A SECONDARY school in Romsey has embarked on an ambitious project to plant 820 trees. 

The Mayor of Test Valley Philip Lashbrooke and Romsey Mayor John Ray planted the first of the trees at The Romsey School at the end of last year. 

Staff and students at The Romsey School have now received 420 tree saplings donated by The Woodland Trust, which they will plant to create a wildlife corridor between the boundary fence lines.

Headteacher Annie Eagle said: "I am delighted that our students are embarking on this important project. This morning’s planting supports our aspiration to ensure that sustainability, and a moral imperative to nurture our planet, is engendered across our curriculum, leading our youngsters towards ‘ethical global citizenship." 

Hampshire Chronicle: The Romsey School will plant hundreds of trees

She said the trees will create an excellent habitat, enabling wildlife to move safely across the site whilst providing food, shelter and nesting areas.  The species are: hawthorn, dogwood, wild cherry, silver birch, rowan, hazel blackthorn, silver birch, common oak,  blackthorn, crab apple, elder, dog rose.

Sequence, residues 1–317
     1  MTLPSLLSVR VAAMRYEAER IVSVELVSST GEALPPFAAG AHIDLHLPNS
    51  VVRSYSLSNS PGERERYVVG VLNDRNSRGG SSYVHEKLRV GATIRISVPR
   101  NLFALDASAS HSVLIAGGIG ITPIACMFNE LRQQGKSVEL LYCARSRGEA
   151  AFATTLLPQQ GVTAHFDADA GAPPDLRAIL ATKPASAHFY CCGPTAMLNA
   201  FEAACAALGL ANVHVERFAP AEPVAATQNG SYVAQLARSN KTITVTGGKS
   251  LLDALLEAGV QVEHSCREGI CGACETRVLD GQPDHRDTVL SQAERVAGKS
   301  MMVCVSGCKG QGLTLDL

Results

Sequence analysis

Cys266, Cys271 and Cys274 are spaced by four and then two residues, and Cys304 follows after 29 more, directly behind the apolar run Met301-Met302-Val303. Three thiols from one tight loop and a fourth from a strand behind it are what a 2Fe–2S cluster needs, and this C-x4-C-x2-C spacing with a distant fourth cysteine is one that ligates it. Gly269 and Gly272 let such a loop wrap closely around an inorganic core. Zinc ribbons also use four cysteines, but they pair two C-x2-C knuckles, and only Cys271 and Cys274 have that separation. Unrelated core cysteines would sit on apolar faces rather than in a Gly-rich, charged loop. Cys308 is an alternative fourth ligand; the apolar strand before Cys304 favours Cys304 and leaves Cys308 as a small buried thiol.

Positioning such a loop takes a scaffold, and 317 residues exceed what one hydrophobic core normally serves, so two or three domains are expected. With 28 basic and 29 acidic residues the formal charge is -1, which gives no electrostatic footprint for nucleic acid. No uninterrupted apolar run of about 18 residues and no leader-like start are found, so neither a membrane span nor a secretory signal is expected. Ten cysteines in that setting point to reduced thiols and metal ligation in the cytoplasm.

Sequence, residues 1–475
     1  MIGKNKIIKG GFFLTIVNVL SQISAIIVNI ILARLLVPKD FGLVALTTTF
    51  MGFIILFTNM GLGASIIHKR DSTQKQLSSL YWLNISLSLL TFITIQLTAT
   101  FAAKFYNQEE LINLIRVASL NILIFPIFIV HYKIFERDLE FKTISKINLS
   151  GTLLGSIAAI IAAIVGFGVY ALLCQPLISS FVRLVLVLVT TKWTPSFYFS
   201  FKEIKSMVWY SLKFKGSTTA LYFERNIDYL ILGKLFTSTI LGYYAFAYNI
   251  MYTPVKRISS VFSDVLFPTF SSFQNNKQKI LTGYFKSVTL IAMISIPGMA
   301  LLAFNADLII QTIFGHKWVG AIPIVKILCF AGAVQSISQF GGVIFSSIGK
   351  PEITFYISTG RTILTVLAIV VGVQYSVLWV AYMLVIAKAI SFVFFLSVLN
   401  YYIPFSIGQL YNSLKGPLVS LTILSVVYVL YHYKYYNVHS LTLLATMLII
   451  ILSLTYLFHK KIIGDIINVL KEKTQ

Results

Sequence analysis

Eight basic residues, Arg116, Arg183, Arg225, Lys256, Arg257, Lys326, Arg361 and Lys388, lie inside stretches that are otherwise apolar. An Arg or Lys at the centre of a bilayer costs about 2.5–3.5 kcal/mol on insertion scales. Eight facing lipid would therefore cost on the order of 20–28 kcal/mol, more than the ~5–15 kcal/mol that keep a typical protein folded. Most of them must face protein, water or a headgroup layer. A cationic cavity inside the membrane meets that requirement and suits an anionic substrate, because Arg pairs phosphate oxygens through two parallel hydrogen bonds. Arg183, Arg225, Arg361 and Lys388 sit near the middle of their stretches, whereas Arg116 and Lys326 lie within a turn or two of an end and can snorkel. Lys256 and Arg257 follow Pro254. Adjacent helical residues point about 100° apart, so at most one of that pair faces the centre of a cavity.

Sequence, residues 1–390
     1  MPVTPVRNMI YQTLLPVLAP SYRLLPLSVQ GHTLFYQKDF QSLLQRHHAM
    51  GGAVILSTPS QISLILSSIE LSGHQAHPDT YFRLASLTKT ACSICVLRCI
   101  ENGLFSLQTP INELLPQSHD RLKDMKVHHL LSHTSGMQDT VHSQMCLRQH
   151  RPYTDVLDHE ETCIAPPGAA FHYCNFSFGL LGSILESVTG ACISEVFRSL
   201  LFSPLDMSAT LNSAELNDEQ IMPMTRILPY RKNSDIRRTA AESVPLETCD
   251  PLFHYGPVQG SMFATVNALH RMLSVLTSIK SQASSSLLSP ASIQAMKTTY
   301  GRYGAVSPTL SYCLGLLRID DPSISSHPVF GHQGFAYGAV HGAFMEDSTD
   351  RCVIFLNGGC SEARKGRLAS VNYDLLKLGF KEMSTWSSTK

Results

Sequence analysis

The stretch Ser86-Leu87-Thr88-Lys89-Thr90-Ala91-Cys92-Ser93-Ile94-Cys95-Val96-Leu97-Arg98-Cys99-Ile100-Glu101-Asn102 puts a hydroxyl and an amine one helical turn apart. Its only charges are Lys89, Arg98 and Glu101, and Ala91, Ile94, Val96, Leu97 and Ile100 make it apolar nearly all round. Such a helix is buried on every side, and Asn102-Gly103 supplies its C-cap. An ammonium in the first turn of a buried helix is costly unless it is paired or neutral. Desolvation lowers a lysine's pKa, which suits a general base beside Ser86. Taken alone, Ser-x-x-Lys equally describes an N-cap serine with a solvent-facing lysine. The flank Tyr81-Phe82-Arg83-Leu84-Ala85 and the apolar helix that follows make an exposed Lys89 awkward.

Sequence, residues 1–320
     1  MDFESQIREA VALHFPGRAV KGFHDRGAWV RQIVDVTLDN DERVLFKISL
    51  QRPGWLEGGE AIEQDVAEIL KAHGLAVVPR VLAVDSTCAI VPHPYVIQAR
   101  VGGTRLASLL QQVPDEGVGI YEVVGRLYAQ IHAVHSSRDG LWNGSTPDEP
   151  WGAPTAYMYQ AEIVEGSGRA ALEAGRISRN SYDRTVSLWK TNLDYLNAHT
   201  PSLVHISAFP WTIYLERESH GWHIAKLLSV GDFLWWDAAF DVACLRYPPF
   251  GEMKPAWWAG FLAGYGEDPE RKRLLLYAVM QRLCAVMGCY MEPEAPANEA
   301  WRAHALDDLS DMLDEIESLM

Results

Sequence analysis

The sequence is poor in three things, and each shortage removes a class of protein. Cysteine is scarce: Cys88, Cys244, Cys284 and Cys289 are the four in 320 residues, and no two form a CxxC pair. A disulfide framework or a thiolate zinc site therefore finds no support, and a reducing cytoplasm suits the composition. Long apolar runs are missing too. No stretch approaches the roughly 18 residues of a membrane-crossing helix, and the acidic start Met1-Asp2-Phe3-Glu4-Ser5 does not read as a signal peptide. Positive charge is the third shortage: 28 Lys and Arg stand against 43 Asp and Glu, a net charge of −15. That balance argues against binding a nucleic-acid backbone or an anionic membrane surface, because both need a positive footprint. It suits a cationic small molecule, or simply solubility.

The Romsey School students have set up an Environment Leadership Group and it is this team of students who are in charge of the planting. 

The students have worked with The Woodland Trust to learn how to successfully plant a tree.

The next step will see every Year 7 student plant their own tree.

A further 400 saplings will arrive in the spring, and the school will welcome feeder schools to the site to engage in workshops on sustainability and help with planting. 

Geography teacher Kimberley Hallford said: "I have been working with the environment club for some time to educate others around school about the importance of trees in our environment. This is a very important project to enhance our biodiversity around the school site and contribute to the fight against climate change. We hope this will encourage other students to do the same."

She said the school plans to plant a wild meadow garden ready for spring, as well as delivering assemblies on sustainability and the importance of using refillable bottles across the site.

As part of this project, they have researched alternatives to plastic bottles and cans in school pitching their ideas to the school's senior leadership team with the aim of the school becoming a plastic-free environment by September.